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Rice Defends Mideast Cease-Fire Position

Amid an intensifying clamor for an end to Israeli-Hezbollah fighting, Secretary of State Condoleezza Rice said Thursday she was "willing and ready" to return to the Mideast to work on a cease-fire.

As countries attending a conference on Asian issues voiced concerns about violence now raging into a third week, Rice decided to leave the sessions Friday evening instead of Saturday. She has not said where she is going, though it was widely expected she would return to the Middle East.

Rice repeated her position that the United States wants to work for a sustainable peace plan and smooth the delivery of humanitarian supplies to the Lebanese. As she did so, President Bush's spokesman said it was time for the administration to "push back" against criticism of the U.S. role.

In Malaysia, Rice planned individual meetings Friday with eight foreign ministers, including those from the Muslim nations of Indonesia and Malaysia. The diplomats were almost certain to raise the issue of the Mideast fighting.

Earlier this week, Malaysian Prime Minister Abdullah Ahmad Badawi censured Israel when he opened the meeting of foreign ministers gathered for the Association of Southeast Asian Nations.

"We should condemn Israel's latest use of disproportionate force in Gaza and the West Bank," said Abdullah, who heads the world's largest Islamic political conference. "We should not tolerate Israel's excessive military reprisals against Lebanon."

Speaking to reporters in Washington, Bush press secretary Tony Snow disputed what he said was a "presumption" in some quarters that the U.S. diplomatic prescription "wasn't a success unless she had a cease-fire.

"In other words, you measure by a piece of paper, rather than by the ongoing efforts," Snow said.

He said U.S. diplomats in the region are working toward a U.N. resolution, U.S. diplomats in Europe are talking about troop contributions and the United States also is helping organize humanitarian aid.

"What she has said is, ‘What on earth is the good of having another empty-handed cease-fire in the Middle East?"' Snow said. "What is the purpose of having something that is not enforceable at this juncture, and is not realistic?"

Snow also said there are talks about a troop contribution effort with U.S. allies. He said State Department counselor Philip Zelikow was working with European Union policy chief Javier Solana's staff in Brussels. He mentioned U.N. consultations over the weekend, on troop contributions, when a cease-fire is possible to provide some sort of troop presence to supplement the Lebanese armed forces.

"The Lebanese armed forces should be the principle means for creating peace in Lebanon, and we hope to be able to give them the capability and capacity to do so," he said.

Even as Rice and representatives of the nations attending the conference were preoccupied with what is happening in the Middle East, they also faced another festering diplomatic problem with North Korea's determination to develop a nuclear weapons program.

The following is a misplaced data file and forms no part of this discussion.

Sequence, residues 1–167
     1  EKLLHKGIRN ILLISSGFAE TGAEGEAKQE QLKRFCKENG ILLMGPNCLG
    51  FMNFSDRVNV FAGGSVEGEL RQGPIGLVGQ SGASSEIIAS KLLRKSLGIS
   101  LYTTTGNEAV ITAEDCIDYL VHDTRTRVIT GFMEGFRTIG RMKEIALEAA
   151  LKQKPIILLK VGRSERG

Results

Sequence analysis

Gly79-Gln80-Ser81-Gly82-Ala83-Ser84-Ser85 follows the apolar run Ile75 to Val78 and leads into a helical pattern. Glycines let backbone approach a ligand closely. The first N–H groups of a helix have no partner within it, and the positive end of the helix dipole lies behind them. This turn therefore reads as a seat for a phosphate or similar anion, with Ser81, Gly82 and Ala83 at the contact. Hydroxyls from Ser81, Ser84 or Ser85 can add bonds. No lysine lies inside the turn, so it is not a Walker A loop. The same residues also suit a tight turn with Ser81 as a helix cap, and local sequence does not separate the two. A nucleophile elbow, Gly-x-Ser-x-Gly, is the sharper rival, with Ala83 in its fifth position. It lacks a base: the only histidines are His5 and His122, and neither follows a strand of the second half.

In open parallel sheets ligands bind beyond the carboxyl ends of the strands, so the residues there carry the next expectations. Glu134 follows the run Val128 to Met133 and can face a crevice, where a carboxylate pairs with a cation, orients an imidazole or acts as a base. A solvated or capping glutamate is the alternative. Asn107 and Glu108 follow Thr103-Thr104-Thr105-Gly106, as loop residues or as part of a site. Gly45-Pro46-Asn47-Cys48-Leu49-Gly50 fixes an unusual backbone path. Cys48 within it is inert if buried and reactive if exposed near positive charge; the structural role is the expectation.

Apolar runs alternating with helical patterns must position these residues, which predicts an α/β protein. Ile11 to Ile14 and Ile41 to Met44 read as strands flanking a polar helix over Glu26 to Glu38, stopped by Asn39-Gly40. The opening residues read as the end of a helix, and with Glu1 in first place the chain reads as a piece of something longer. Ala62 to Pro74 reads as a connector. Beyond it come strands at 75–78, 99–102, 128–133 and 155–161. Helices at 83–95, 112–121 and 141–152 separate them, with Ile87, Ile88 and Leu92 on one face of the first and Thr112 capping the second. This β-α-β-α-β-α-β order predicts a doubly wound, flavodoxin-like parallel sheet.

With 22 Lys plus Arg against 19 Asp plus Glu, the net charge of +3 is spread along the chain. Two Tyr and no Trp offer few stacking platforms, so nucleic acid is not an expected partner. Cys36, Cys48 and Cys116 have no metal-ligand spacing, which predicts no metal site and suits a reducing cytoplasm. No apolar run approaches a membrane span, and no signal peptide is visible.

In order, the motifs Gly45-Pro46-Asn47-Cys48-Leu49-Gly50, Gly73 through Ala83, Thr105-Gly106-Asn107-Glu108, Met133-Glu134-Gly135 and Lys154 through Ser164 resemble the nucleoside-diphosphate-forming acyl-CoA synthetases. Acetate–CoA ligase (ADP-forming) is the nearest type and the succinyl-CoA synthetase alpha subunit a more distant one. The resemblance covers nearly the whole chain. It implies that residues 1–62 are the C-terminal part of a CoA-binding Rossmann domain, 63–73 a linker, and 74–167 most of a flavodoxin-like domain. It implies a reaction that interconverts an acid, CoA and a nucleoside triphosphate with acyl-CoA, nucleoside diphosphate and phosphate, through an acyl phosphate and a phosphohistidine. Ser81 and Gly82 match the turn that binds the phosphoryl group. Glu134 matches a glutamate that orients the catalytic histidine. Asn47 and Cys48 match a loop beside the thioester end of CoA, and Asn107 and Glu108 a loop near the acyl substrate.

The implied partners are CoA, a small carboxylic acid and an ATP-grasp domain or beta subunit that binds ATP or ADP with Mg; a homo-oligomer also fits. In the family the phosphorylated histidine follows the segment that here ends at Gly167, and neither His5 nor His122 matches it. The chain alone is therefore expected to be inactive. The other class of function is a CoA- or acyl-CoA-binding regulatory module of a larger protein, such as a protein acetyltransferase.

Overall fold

Before flying to Malaysia for the long-scheduled ASEAN regional forum, Rice spent three days traveling to Beirut, Jerusalem, the West Bank and Rome, defending the administration's insistence that a cease-fire on the Lebanon-Israeli border must be sustainable.

The position isolated her from nearly all U.S. allies, who are seeking a quick end to the fighting that has cost millions of dollars and hundreds of lives. They want to stop the fighting before engaging in complex negotiations about disarming the Lebanon's well-armed Hezbollah militia, strengthening the country's central government and other difficult issues.

As a result, a meeting of senior diplomats in Rome on Wednesday failed to produce an unanimous, concrete course for a cease-fire, falling back to a broad outline aimed at peace.

Aboard her plane en route to Asia, Rice tried to downplay expectations of a quick fix in the Lebanon or the Middle East.

"I am a student of history, so perhaps I have a little bit more patience with the enormous change in the international system and the complete shifting of tectonic plates, and I don't expect it to happen in a few days or even a year," she said.

On North Korea, the communist government has pressed ahead with its nuclear program despite international demands and launched seven missiles earlier this month, also angering other nations. The U.N. Security Council responded with an unanimous resolution to impose limited penalties against North Korea. It also demanded that the reclusive communist nation suspend its ballistic missile program.

North Korea immediately rejected the resolution and vowed to launch more missiles. North Korean Foreign Minister Paek Nam-Sun was expected to attend the sessions in Malaysia.

Rice said she did not anticipate any talks in Malaysia with the six nations that have met formally to address the North Korea problem.